4. Podocarpus L’Heritier ex Persoon, Syn. Pl. 2: 580. 1807.
罗汉松属 luo han song shu
Margbensonia A. V. Bobrov & Melikyan.
Trees or shrubs evergreen, dioecious. Leaves spirally arranged to subopposite, ± monomorphic, juvenile leaves similar to adult leaves in shape but often larger and/or wider, linear, lanceolate, or ovate-elliptic, more than 5 mm, with single, obvious, often raised midvein on 1 or both surfaces, stomatal lines present on abaxial surface. Pollen cone complexes axillary, solitary or clustered, pedunculate or sessile; microsporophylls numerous, spirally arranged; microsporangia 2; pollen 2-saccate. Seed-bearing structures usually borne in leaf axils (rarely terminal), solitary (rarely more than 1); apical bracts fertile; basal bracts often fused to form a receptacle (obsolete in some species); ovule 1 (rarely few), inverted. Epimatium wholly enveloping seed, sometimes colored and succulent. Seed ripening in 1st year, drupelike, dry, or leathery.
About 100 species: tropical and subtropical regions worldwide, also temperate regions in S hemisphere; seven species (three endemic) in China.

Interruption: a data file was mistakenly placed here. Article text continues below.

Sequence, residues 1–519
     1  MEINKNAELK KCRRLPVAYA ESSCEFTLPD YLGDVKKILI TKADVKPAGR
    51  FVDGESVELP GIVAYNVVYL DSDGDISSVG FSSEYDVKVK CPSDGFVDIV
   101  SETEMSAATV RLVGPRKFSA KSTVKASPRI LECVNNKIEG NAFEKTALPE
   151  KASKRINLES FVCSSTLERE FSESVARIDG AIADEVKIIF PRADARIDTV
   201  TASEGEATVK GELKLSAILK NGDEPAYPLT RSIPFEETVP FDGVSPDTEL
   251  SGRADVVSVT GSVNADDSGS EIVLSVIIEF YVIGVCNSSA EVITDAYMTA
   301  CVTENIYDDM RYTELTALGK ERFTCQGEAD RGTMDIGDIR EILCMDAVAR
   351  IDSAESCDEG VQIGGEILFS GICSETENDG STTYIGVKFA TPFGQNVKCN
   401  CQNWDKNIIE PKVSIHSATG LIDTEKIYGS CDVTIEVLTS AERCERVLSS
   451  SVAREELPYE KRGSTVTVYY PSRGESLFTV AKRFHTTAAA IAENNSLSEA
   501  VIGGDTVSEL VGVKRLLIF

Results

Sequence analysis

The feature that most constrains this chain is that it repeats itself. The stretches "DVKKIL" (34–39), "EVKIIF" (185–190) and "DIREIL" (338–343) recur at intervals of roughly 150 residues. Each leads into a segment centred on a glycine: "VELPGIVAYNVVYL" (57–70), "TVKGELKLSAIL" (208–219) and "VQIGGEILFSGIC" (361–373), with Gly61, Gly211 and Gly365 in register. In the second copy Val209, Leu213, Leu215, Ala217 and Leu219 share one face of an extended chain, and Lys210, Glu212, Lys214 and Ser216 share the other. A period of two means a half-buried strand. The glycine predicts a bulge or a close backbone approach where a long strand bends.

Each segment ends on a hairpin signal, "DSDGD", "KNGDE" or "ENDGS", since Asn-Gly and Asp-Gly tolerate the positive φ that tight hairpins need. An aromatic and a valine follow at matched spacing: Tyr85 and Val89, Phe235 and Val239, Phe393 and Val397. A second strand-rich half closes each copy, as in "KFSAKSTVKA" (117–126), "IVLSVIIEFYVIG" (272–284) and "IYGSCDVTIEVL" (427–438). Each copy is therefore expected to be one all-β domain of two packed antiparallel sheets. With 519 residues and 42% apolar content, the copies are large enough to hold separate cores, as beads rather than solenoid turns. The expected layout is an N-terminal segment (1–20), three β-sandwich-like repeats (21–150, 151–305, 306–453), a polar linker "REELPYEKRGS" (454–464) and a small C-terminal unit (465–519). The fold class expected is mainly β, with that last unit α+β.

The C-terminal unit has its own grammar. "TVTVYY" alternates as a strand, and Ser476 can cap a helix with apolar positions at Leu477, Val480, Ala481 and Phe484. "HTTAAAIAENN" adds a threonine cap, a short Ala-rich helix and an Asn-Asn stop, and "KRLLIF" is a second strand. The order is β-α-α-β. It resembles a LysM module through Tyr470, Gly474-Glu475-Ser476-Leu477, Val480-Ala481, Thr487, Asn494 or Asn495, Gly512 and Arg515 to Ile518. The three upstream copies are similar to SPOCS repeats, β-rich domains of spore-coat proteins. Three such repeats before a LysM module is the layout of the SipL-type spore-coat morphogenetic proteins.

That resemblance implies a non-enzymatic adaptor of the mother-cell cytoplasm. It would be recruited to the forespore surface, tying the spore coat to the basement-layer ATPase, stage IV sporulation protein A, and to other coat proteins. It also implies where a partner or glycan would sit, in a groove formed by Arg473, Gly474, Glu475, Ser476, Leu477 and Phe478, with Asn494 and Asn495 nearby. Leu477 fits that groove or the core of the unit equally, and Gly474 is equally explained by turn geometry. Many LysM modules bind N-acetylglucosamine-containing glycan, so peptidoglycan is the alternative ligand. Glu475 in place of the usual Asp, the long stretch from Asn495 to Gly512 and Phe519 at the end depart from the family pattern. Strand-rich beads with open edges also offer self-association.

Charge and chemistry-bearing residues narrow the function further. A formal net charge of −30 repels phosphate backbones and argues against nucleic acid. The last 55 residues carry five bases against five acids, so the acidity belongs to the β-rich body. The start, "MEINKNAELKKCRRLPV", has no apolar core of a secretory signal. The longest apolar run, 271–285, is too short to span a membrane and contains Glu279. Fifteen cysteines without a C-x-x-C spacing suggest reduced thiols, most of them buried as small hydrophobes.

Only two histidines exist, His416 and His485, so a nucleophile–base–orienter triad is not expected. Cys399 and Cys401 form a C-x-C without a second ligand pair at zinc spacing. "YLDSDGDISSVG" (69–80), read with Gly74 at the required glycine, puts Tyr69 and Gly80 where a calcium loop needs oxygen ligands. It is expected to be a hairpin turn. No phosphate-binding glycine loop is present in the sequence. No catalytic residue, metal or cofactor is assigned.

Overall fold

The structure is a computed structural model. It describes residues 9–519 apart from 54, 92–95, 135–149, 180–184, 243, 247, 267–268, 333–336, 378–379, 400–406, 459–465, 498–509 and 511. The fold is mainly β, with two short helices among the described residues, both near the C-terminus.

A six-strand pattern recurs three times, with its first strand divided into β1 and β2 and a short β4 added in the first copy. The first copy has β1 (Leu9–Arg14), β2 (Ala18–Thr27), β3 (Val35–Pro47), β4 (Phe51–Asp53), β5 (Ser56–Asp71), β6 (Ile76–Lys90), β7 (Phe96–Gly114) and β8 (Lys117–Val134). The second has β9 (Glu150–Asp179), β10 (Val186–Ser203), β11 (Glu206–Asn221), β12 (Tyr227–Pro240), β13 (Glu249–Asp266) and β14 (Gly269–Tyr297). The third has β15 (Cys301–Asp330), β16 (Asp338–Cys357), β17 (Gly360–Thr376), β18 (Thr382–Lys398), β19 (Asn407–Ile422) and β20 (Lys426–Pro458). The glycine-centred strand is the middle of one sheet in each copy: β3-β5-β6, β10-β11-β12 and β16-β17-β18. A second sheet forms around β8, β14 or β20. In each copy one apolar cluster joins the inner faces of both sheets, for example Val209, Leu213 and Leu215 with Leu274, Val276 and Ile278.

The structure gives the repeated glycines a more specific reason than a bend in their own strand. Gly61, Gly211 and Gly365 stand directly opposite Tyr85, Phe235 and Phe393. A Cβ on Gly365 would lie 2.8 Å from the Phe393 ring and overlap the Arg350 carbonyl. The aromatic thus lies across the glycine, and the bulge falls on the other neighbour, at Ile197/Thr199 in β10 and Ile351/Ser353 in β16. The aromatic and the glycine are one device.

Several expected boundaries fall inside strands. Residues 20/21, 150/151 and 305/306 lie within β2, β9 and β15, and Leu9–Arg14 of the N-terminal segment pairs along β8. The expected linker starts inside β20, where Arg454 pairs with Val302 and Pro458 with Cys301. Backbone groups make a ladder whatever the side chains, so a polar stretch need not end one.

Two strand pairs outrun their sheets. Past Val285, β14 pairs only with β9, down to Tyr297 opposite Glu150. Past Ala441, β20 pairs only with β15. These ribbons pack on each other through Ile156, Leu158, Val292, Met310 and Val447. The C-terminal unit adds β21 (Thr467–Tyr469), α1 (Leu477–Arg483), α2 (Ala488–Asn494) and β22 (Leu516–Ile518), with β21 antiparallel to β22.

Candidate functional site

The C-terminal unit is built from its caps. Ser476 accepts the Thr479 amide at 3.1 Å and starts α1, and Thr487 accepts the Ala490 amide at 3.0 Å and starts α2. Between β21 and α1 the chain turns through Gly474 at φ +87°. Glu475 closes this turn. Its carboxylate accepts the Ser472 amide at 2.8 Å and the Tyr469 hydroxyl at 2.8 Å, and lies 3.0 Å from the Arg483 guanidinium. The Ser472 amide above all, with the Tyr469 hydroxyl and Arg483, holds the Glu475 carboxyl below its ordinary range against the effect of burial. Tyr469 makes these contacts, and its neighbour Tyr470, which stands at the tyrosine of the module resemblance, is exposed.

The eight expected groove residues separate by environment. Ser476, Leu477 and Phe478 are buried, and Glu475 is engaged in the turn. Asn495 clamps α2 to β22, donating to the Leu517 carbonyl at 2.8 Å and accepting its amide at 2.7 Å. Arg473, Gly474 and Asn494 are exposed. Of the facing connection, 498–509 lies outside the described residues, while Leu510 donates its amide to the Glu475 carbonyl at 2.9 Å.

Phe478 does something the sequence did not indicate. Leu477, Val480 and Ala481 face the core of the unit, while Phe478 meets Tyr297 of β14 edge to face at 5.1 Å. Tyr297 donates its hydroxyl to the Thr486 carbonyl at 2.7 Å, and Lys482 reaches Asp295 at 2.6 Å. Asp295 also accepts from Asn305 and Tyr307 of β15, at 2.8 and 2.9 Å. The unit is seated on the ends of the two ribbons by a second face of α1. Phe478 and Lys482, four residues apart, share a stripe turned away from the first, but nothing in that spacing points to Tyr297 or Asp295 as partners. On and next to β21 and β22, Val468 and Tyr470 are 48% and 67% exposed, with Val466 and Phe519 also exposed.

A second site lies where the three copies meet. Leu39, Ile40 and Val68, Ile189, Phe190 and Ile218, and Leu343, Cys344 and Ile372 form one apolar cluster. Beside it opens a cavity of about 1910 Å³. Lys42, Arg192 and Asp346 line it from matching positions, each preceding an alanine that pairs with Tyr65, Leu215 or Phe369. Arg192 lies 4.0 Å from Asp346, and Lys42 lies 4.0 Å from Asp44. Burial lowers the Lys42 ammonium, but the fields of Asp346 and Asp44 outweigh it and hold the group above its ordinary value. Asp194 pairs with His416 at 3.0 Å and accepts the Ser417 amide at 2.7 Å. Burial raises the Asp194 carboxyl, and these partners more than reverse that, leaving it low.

The epiphytic shrub Podocarpus epiphyticus de Laubenfels & Silba (Phytologia 64: 290. 1988) was recently described from the Sumprabum region of N Myanmar, at 1800-2600 m, fairly close to the Chinese border. It should be searched for in comparable areas in NW Yunnan.Podocarpus rumphii Blume (P. philippinensis Foxworthy) has been recorded for China, from both Hainan (de Laubenfels, Kalikasan 7: 142. 1978; and in Fl. Malesiana) and Taiwan (in FRPS). The records from Taiwan have been referred to P. fasciculus de Laubenfels (Fl. Taiwan, ed. 2), while those from Hainan require confirmation. Podocarpus rumphii otherwise occurs in Indonesia, Malaysia, Papua New Guinea, and the Philippines; it has pollen cones borne in clusters of up to 8 and leaf blades linear-lanceolate, with an acute (adult leaves) or acuminate (juvenile leaves) apex.